AL West Race through June 29

You’re probably familiar with this kind of chart. It’s the number of games above or below .500 each team is. The Rangers have, of course, spent the last 40 games or so hanging right around .500. But compare their low point, 9 games below, to where Anaheim was at the time, 5 games up. That’s a 14 game difference. Now, today, the Rangers are one over, and Anaheim is 16 over – a 15 game difference. That’s right, for all that you think the Rangers have been playing well lately, they haven’t gained on the leaders at all. Sure, they haven’t gone into freefall like the Mariners (and like the Rangers usually do), but is there reason for hope?

Cool Standings says that the Rangers have about a 10% chance to make the playoffs right now. Is that reason for hope? The Hardball Times yesterday said that the Rangers are performing above their talent level. Is that reason for hope? In fact, they say they’re about a 73 win team, playing about 85 win baseball. I predicted a 70 to 75 win season at the start of the year, and I see nothing to change that. What’s sad is that they’re hitting the heights of mediocrity, and people are using that as a pointer to them being good, a poor substitute for the reality of being good.

My fear is that ownership is going to be deluded enough, or pressured by the media enough, to do something stupid in a few weeks. Bringing in another Carlos Lee comes to mind. At least let it be a pitcher this time, and yes, I’ve heard the name CC Sabathia bandied about. Boy oh boy, wouldn’t it be great to see him here? Just think of all the prospects we’d have to throw out to get him.

I would rather the GM do nothing than go get someone like CC, who will be out of here as soon as he can. We have a plan, stick to it, plan on competing in 2010 and just pretend that we’re in it right now, so you can keep Michael Young happy a little longer.

Okay, now to a few other things that have been rolling around in my head for a while:

The tv broadcast lost TAG for a few weeks, and I am very glad to see him back. No offense, but Victor Rojas at times didn’t sound like he knew what was going on with the Rangers this year. Josh Lewin would say something, and Victor would be like “huh?”, and Josh would have to explain. Of course, Josh normally has to explain his jokes, but these were some pretty obvious things (and I can’t think of an example right now).

I emailed the booth tonight to tell them that Josh’s story about Yankees getting pinstripes to make Babe Ruth look thinner is a myth (they first had pinstripes in 1912, he joined the team in 1920). Maybe they’ll mention it tomorrow. There’s been a few cases lately where they’ve irritated me on things enough that I’ve written them. There was another one yesterday, something about stats, that really annoyed me. Again I don’t remember what it was now, I just remember thinking that someone like Josh Lewin really ought to have at least basic knowledge of modern statistical analysis. I don’t necessarily mean the deep stuff that people like me enjoy, but even the simpler ones like OPS proving things. Another that annoyed me tonight was on the radio on the way home, they said someone in the NL was having a bad year because he is something like 2-8, with a 4.20 ERA. Surely by now people realize that a pitcher’s record has little to do with his performance, it’s what happens around him. After all, if there was a guy on the Rangers with a 4.20 ERA they’d think he was a superstar (Padilla has a 4.13, next best is Feldman’s 4.60 among regular starters).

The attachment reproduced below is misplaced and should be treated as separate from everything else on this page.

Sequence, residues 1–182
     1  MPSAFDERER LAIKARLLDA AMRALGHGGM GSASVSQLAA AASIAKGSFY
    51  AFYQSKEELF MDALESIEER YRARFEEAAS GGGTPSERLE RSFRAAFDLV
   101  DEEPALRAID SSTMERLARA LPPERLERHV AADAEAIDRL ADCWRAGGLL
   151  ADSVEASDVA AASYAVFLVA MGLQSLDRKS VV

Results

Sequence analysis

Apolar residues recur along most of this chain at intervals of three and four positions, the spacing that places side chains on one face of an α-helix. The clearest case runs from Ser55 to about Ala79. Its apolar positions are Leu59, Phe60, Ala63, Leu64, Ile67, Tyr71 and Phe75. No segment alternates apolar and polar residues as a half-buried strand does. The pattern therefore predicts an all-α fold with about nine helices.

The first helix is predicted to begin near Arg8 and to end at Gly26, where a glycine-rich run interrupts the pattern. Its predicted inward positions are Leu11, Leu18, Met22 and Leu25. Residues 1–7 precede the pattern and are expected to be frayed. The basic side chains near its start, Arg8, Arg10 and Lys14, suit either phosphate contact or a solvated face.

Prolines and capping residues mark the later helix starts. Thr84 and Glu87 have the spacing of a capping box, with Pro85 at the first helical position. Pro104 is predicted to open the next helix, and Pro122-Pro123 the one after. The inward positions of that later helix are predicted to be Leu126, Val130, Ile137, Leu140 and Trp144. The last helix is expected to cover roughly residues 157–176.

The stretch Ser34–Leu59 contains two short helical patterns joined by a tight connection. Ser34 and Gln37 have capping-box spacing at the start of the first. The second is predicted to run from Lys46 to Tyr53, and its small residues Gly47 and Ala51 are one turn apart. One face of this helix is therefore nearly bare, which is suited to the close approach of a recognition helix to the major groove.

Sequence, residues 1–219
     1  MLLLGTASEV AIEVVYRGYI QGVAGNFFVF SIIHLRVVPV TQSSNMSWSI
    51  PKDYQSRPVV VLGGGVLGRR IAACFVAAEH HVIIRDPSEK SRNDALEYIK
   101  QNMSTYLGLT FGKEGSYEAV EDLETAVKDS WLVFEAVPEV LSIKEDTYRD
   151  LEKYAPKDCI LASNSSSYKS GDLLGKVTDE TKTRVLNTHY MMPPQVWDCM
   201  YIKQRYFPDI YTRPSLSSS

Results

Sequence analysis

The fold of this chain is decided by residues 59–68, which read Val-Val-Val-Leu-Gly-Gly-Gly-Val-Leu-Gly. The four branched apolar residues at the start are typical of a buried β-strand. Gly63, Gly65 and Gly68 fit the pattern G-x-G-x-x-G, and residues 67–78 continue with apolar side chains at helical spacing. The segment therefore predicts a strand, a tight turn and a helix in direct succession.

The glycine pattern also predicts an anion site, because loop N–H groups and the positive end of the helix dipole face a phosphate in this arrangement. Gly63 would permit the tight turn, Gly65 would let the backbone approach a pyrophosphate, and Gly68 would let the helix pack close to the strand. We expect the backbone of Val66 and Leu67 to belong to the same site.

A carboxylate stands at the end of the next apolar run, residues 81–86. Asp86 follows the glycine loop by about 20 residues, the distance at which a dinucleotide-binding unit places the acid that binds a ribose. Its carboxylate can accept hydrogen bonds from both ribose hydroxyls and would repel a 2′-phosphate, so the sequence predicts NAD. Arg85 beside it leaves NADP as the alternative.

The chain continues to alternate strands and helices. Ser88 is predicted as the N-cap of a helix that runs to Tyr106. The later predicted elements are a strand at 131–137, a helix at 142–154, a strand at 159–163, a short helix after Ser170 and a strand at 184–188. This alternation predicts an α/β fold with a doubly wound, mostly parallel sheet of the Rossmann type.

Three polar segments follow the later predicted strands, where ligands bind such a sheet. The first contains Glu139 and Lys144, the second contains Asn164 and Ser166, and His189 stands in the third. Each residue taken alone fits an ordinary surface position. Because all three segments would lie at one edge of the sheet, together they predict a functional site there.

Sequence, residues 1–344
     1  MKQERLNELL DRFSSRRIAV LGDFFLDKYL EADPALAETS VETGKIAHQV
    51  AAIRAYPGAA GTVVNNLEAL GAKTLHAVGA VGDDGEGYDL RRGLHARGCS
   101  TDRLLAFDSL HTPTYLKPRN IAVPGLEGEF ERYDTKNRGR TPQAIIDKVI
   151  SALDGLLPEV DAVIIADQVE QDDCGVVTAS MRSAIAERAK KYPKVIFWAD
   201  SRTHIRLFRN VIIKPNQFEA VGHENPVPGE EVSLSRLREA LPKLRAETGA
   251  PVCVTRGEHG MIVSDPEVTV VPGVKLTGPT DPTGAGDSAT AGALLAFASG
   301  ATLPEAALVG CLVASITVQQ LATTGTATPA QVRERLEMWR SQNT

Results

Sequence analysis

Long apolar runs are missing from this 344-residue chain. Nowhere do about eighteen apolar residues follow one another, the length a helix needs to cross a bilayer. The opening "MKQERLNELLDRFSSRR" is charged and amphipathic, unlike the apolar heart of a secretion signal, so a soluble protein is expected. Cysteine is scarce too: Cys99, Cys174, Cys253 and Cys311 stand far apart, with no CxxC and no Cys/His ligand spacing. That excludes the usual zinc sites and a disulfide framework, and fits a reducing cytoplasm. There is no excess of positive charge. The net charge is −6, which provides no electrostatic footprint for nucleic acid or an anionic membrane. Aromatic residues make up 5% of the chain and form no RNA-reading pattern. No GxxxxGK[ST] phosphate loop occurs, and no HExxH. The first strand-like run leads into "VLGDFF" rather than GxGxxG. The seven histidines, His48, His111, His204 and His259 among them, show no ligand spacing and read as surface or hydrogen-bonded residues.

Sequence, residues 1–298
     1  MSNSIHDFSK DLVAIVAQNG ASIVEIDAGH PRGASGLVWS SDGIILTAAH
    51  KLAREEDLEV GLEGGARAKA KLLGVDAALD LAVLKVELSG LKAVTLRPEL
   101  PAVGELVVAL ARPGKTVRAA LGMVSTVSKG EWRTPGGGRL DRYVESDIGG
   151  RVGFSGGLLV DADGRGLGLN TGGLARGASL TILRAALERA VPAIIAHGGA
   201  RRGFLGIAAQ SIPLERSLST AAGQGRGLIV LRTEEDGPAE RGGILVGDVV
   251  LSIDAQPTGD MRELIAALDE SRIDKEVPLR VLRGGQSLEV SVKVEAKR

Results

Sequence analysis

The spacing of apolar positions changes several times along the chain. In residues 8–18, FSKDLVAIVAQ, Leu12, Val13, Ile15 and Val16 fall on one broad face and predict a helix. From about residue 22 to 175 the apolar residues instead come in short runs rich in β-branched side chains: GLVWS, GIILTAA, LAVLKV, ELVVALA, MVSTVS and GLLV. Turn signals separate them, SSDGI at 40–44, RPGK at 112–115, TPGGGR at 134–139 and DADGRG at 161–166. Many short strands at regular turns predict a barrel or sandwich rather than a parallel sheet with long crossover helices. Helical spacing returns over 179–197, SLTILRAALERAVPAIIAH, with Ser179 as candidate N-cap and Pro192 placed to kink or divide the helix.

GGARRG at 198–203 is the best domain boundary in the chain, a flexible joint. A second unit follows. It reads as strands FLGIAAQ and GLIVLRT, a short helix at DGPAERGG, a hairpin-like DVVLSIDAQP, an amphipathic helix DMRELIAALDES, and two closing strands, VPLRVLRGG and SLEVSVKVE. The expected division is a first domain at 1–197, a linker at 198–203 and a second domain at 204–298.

I’m starting to lose patience with Salty. He can’t hit (82 OPS+) and he can’t field. Opponents are 28-5 stealing against him, he has 3 passed balls and 17 wild pitches. He doesn’t seem to be improving. That jackass Ron Washington said the other day he doesn’t care if his catchers hit, he wants them fielding and working with pitchers. First of all, I’ll take a guy who can hit over someone who can’t any day, the numbers prove that hitting is much more important. Second, Ron Washington would say that, because he’s a guy who couldn’t hit the side of a barn in his career, so of course he doesn’t care about numbers. And third, why not give Max Ramirez the same deal that Laird/Salty had, splitting time? Right now, as far as I’m concerned, when Laird comes back, Salty should go to the farm.

Aren’t we glad we didn’t trade Laird during the spring?

Remember how the Rangers lost patience with Jason Botts, because in all those cameos where he barely got to string two games together, he didn’t hit much? Salty is barely hitting better than Botts did, and he’s had about 50% more playing time than Botts so far in their careers. Of course, Botts didn’t have the Teixeira trade on his side, whereas they will keep putting Salty out there until they can justify the deal.

I love Chris Davis. My natural nickname for him is CD. I’d drink some for him, if I could get it here.  Washington said that Davis will go back to the minors when Blalock comes back, no matter what.  I hope Davis can hit about .500 with 20 home runs between now and then, just to make it more difficult for them.  Davis should be playing first every day, and Max Ramirez shouldn’t be there at all.